In summary, it is preferred that one, or more, fixed or extendable boss means (micro-protuberances) be provided, front and center of a slider, or else symmetrically about the forward slider end, to function as anti-stiction means, bias means and the like.
"boss" combined with "back-bar"; most preferred:
We have found that one may advantageously add "back-bar means" to sliders equipped with such "boss means", with little or no perceptible trade-off. The following most preferred Example A illustrates this.
Ex. A: Slider with boss and back-bar (FIGS. 24A, 24B):
Slider 111 in FIGS. 24A, 24B (after FIGS. 19A, 19B, with boss ms added, e.g., as per FIG. 1A', etc.) will be understood as a "self-loading" slider provided with back bar means (cf. back-bar BB; and associated purge channel 151) and in every respect like the slider of FIGS. 19A, 19B, except that a medial boss means "ms" is also provided on the flying surface thereof (centrally, just aft of ramps, e.g., as in FIG 1A', ect.).
Workers will find that such a boss ms (or equivalent boss means) will provide the usual "boss advantages", noted above (e g , relieve "stiction"), yet without interfering perceptibly with "back-bar" operation (e.g., as noted above) or with other slider characteristics (e.g., slider 111 can still be "self-loaded" and "self-unloaded" as known in the art).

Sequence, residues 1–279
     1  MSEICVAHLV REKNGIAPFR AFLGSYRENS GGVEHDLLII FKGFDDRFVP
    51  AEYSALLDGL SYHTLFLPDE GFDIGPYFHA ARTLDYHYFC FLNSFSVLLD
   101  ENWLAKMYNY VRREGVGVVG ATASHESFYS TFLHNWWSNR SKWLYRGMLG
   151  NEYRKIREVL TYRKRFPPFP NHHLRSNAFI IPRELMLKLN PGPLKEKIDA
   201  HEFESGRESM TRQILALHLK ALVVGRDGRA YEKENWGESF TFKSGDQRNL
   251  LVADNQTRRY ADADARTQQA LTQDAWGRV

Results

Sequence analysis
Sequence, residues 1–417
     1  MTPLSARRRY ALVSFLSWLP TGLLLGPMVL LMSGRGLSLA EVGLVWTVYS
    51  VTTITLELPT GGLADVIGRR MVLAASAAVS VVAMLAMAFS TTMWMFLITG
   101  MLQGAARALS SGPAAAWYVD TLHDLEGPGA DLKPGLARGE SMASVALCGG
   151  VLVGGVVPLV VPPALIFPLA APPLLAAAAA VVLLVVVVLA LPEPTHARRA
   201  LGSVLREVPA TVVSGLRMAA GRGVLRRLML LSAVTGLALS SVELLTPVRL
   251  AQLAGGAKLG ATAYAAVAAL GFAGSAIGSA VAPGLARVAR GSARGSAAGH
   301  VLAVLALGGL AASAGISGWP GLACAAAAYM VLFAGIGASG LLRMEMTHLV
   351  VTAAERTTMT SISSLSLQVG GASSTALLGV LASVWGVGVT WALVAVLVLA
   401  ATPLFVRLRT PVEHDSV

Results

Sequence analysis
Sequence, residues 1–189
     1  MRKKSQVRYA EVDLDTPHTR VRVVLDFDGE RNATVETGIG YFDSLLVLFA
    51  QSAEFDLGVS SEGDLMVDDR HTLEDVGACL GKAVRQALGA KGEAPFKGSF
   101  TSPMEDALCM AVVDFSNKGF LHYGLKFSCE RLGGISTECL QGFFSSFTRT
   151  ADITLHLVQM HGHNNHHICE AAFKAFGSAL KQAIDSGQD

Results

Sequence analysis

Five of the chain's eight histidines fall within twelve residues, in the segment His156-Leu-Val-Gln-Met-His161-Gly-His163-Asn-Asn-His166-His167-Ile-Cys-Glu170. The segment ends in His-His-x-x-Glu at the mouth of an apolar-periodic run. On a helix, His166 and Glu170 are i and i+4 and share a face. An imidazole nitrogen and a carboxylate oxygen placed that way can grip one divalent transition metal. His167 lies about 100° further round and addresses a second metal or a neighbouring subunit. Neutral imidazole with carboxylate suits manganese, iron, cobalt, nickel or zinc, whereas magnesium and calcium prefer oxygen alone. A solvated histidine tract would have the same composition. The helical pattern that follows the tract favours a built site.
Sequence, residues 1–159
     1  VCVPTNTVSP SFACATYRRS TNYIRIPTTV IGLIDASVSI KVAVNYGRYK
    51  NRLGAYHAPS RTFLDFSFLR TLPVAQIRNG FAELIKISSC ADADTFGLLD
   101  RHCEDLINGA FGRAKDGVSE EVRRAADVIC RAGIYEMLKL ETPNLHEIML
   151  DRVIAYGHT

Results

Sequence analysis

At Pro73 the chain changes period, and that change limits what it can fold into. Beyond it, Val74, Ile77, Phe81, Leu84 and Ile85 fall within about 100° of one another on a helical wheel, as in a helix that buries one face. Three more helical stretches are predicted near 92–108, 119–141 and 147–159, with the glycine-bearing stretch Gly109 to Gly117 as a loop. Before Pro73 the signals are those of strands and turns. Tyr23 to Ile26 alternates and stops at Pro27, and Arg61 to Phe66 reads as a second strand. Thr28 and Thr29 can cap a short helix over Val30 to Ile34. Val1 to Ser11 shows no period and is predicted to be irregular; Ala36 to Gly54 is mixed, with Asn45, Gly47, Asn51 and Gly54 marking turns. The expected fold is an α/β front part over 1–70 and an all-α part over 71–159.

Moreover, there are special advantages to using "boss means" with a back-bar equipped slider. For instance, when such a slider is operated on a "lubed" disc surface, the miniscule back-bar cavity (e.g., only 150 u" deep or so, and other such micro-cavities, e.g. , as in a self-loading slider) is all too apt to take up, and secrete, impurities such as lube fluid, atmospheric smoke and other gases which can increase "stiction". Thus, anti-stiction boss means is all the more called for.